“Before engaging in any dialectic analysis, the Tosafists engaged in a close reading of the local passage,…”

Before engaging in any dialectic analysis, the Tosafists engaged in a close reading of the local passage, providing further elucidation of the talmudic discussion. Indeed, the early Tosafists were likely seeking to complement, and not replace, the commentary of their ancestor Rashi, and it could be that for this intention they received the name Tosafot, meaning additions.

With a more corpus-wide perspective, the early Tosafists pored over the Talmud, seeking to identify difficulties in talmudic passages or Rashi’s explanations based on parallel, or at least relevant, discussion in other locations in the talmudic corpus. These difficulties were often seeming contradictions that demanded resolution. Sometimes the contradictions between passages related to issues of a technical nature, but more often the contradictions related to fundamental talmudic principles and placed key passages at loggerheads with one another. While earlier schools of talmudic analysis had surely noticed contradictions, their approach was often to discern which passage was the primary talmudic approach and which was to be presumed the non-authoritative passage. But the Tosafists operated with a different principle, and they sought out contradictions not in order to identify which passages were primary and which non-authoritative, but to resolve and unify the entire corpus. The resolution of contradictions often yielded a broadening of initial perceptions and led to a deeper understanding of the issues. Similarly, other relevant passages, not only contradictory ones, were noted by the Tosafists to broaden the talmudic discussion. Tosafist dialectics consisted of cross-referencing, resolving contradictions, and suggesting innovative readings of talmudic passages.  They represent the most creative element of Tosafist scholarship and were the primary focus of the early Tosafists. The growth of this approach to Talmud study in the early Tosafist period was encouraged by a strong intellectual independence of the early Tosafists.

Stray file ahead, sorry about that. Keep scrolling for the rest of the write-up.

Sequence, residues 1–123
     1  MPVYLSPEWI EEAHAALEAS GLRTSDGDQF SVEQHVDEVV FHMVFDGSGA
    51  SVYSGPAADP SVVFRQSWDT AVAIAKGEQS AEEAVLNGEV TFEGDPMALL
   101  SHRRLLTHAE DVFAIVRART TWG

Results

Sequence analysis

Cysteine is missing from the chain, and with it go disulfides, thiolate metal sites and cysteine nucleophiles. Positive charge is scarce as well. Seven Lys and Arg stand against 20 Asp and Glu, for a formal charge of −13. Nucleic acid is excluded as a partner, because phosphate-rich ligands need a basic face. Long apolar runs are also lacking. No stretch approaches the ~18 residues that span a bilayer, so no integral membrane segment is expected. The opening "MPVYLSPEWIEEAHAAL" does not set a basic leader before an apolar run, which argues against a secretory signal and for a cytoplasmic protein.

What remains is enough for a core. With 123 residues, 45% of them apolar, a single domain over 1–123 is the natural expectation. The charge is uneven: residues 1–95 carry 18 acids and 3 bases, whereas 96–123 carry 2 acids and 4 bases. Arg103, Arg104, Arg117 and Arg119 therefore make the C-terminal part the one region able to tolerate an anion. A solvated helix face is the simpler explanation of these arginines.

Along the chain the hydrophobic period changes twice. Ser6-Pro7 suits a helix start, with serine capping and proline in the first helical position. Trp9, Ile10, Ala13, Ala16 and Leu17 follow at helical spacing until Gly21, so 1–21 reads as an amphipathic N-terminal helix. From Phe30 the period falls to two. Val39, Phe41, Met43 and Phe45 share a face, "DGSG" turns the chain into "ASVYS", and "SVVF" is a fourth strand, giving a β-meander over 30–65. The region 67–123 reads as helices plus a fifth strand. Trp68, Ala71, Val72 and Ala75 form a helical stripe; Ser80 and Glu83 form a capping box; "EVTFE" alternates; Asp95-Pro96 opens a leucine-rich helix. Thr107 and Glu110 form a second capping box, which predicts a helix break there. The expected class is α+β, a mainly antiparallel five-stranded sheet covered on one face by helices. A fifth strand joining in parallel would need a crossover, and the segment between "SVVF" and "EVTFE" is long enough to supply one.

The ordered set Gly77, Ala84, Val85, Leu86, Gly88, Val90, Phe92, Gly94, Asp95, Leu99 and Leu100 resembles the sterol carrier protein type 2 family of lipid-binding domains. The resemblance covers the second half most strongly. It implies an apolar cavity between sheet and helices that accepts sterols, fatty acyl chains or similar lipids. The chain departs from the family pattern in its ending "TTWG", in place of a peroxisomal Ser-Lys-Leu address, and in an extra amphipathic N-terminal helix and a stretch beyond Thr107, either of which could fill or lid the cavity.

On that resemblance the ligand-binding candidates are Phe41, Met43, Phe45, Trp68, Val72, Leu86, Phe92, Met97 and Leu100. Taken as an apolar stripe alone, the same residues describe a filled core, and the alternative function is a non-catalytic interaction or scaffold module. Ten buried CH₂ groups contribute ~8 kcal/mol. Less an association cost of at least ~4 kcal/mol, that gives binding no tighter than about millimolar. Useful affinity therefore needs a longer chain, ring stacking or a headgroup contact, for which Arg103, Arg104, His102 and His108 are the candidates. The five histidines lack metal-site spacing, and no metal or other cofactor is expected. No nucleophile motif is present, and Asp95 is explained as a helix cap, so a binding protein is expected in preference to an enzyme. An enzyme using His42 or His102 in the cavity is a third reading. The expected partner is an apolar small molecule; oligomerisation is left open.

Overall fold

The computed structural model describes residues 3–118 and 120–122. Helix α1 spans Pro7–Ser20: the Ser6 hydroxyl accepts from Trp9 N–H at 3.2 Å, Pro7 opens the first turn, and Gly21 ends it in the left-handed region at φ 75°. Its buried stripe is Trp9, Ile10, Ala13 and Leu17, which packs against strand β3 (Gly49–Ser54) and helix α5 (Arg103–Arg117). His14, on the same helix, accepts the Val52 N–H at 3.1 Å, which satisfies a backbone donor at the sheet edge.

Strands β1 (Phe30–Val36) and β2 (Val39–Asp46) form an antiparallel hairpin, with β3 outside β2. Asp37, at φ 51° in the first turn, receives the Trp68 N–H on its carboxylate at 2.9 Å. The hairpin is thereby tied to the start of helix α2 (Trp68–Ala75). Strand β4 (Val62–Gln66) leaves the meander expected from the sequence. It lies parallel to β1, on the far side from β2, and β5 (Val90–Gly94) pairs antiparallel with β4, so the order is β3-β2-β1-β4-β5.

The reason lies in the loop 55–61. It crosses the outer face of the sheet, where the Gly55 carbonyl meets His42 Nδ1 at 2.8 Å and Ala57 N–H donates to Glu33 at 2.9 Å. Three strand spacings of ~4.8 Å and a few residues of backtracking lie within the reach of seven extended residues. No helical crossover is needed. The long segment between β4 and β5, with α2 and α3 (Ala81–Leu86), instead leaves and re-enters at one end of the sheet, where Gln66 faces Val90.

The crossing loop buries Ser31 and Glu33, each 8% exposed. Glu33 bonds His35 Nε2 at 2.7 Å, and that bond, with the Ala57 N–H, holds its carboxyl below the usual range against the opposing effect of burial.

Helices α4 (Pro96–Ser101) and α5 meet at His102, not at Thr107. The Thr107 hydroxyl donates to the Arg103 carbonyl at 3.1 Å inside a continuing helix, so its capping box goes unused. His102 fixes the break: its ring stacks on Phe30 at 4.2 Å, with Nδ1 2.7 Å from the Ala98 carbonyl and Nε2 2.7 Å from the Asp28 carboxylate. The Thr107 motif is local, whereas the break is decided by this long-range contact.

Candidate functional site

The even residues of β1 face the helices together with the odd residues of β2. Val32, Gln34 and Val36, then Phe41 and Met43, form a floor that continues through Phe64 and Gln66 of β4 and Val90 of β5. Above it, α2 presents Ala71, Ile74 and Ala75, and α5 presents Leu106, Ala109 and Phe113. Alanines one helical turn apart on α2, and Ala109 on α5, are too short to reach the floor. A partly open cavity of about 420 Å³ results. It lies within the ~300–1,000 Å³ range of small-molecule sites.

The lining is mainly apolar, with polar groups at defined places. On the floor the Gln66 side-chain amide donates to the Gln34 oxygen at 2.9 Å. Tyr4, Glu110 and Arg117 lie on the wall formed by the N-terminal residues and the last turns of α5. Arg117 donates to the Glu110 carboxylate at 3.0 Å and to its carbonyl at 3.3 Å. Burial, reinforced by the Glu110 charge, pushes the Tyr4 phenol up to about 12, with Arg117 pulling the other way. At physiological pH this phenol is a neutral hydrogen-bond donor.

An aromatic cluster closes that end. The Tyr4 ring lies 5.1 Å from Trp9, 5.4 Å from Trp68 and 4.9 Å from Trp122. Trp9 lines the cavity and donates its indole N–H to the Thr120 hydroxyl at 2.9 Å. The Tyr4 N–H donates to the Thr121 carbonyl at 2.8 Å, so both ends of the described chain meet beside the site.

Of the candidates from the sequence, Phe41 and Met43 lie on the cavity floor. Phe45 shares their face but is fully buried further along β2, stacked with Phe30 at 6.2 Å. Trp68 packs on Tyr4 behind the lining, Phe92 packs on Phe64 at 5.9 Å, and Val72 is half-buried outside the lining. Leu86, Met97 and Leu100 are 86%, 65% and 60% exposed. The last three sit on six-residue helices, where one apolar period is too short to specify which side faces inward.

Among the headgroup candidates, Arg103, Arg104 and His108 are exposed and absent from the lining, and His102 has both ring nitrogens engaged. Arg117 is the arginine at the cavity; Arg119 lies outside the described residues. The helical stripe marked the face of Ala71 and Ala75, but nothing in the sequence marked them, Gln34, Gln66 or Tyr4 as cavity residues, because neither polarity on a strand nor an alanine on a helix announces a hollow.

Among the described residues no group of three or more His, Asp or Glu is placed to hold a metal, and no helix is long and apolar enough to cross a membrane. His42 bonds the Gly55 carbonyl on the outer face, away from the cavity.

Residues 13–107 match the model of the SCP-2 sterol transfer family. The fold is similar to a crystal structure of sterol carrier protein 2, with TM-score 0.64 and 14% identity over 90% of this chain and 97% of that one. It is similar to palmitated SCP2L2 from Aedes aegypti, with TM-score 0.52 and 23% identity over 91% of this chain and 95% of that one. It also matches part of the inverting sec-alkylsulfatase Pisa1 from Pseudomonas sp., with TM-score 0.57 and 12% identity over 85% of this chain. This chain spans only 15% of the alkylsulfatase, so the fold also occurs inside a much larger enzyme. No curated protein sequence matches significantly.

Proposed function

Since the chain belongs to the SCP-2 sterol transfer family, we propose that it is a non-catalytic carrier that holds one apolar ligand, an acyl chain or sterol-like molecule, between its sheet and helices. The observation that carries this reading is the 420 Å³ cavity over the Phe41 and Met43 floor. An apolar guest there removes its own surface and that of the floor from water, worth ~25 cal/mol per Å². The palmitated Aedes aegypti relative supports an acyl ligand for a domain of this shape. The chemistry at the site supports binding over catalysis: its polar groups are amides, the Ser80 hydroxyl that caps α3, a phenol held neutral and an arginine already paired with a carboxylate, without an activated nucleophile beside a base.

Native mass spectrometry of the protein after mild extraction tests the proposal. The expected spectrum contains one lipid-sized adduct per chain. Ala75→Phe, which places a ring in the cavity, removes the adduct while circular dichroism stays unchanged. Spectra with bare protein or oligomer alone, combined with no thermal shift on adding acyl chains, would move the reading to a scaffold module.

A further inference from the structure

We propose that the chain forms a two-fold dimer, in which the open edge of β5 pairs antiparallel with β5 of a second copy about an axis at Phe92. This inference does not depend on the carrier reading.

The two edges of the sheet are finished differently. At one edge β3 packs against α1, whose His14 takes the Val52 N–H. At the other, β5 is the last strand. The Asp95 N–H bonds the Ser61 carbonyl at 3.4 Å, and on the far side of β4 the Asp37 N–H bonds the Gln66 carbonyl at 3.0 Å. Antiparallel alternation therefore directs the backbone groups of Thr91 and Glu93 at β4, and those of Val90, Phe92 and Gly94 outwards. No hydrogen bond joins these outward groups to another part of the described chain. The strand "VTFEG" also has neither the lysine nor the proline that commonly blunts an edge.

The systematic study of the Talmud from a dialectic perspective comprised the first stage, chronologically, of the Tosafist enterprise. In addition, it laid the structural foundation for future Tosafist works.

Aryeh Leibowitz, “The Emergence and Development of Tosafot on the Talmud”, Hakirah 15 (Summer 2013), 147-148.